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Does the dimple go at the tick?

kgober

Veteran Member
Joined
Mar 19, 2017
Messages
617
Location
New Jersey, USA
the corner of the chip with the bevel/chamfer corresponds to the corner of the socket with a bevel. Your picture looks right to me. At least, it doesn't look obviously wrong.

If you don't have a PLCC puller, two small jeweler's screwdrivers might do the trick. But a PLCC puller is what you really need, here's an example of what they look like (random amazon link, no relationship or experience with this product or seller):
https://www.amazon.com/uxcell-Profe...=1507388568&sr=8-4&keywords=ic+chip+extractor
 

KC9UDX

Space Commander
Joined
Jan 27, 2014
Messages
7,468
Location
Lutenblag
You don't need the tool, but you stand a 50% chance of breaking the socket without one, in my experience.
 

Chuck(G)

25k Member
Joined
Jan 11, 2007
Messages
39,784
Location
Pacific Northwest, USA
You can see the slots on 2 of the corners, on opposite sides of the socket. This is where you insert your screwdrivers or PLCC puller. If you use screwdrivers, try to bring the package out keeping things level.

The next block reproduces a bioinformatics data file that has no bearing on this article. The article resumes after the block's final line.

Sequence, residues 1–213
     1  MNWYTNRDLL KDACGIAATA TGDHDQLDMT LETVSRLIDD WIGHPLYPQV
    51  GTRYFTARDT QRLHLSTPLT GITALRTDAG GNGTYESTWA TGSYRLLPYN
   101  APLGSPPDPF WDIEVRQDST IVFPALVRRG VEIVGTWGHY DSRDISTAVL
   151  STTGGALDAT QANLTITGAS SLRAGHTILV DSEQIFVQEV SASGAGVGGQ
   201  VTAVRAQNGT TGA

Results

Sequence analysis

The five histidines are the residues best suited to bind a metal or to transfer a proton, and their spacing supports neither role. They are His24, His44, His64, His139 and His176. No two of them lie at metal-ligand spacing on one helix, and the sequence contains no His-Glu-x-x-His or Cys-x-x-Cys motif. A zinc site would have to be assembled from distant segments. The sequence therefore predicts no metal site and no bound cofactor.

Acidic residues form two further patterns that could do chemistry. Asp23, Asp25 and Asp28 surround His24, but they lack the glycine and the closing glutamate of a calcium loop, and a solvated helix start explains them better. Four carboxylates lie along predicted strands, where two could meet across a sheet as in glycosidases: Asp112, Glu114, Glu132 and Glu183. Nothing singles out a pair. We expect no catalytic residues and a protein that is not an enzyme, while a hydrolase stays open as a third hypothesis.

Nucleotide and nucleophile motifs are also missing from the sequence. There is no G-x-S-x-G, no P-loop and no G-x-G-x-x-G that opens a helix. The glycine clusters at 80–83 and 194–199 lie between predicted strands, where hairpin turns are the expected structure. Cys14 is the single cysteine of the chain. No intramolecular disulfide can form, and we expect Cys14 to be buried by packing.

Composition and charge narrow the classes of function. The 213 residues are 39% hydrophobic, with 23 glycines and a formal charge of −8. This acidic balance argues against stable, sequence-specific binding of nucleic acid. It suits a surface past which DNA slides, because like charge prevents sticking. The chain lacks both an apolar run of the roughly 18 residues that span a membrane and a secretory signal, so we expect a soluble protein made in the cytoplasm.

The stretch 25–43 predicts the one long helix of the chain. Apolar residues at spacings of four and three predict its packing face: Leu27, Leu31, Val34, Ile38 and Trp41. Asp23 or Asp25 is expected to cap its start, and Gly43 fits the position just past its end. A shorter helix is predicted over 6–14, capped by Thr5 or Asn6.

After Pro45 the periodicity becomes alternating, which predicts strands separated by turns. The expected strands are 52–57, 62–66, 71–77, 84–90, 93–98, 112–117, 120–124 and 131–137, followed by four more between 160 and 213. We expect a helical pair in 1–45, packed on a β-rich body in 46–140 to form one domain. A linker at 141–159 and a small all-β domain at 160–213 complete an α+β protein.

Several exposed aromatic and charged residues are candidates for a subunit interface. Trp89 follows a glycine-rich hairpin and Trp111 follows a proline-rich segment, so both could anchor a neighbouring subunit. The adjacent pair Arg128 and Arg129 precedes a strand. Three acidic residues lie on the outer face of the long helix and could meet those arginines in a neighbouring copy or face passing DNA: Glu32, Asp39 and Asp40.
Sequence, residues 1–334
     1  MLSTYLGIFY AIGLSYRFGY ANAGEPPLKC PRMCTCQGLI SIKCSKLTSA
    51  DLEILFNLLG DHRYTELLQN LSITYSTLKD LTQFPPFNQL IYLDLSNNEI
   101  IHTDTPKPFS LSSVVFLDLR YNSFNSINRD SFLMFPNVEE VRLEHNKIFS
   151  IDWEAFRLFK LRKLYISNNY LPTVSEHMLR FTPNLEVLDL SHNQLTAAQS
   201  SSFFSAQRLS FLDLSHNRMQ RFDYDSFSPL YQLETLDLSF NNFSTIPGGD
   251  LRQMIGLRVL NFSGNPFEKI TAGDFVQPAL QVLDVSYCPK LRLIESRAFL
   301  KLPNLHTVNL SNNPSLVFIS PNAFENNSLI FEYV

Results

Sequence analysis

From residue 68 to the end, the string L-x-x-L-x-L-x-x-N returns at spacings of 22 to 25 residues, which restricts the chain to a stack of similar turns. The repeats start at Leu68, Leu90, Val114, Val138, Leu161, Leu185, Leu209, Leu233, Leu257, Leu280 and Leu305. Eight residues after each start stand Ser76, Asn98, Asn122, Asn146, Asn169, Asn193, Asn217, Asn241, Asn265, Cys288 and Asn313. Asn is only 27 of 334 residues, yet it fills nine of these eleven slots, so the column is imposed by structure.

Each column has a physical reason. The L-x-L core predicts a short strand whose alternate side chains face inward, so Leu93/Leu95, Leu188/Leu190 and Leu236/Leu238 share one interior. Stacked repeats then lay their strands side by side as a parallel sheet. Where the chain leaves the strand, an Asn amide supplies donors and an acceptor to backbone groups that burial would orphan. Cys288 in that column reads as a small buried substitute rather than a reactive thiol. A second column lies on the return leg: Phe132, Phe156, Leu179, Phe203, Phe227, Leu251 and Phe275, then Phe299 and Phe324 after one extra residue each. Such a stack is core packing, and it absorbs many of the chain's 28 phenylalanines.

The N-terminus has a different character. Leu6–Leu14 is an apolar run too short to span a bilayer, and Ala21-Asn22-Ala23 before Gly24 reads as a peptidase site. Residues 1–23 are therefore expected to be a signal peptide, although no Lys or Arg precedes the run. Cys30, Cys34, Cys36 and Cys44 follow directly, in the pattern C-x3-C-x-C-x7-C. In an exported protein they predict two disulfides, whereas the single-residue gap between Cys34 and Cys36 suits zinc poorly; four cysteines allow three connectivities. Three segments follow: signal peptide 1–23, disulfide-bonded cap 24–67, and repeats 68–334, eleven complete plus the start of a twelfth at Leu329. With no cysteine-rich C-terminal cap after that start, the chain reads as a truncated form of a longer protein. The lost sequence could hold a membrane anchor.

I never understood why PLCCs were strictly square. It always seemed to me that a rectangular shape would make orientation simpler. After all, most of the package is "dead space" for the leadframe.
 
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gslick

Veteran Member
Joined
Dec 30, 2010
Messages
2,112
Location
Seattle, WA
I never understood why PLCCs were strictly square. It always seemed to me that a rectangular shape would make orientation simpler. After all, most of the package is "dead space" for the leadframe.

A 32-pin PLCC is rectangular. 7 and 9 pin sides, not 8.
 

gslick

Veteran Member
Joined
Dec 30, 2010
Messages
2,112
Location
Seattle, WA
Most of the time I would rather use one of these 822154-1 AMP / TE connectivity pry tools than the tweezer tools. Available at Mouser / Digi-Key.

822154-1.jpg
 

rittwage

Veteran Member
Joined
Mar 6, 2012
Messages
901
Location
Augusta, Georgia, USA
Don't do it without the tool. It needs to come out straight up or you bend pins and/or crack the socket.

If you crack the socket, it will be unreliable and they are a huge pain to replace unless you like and are very good at soldering (clean removal is the hard part).
 
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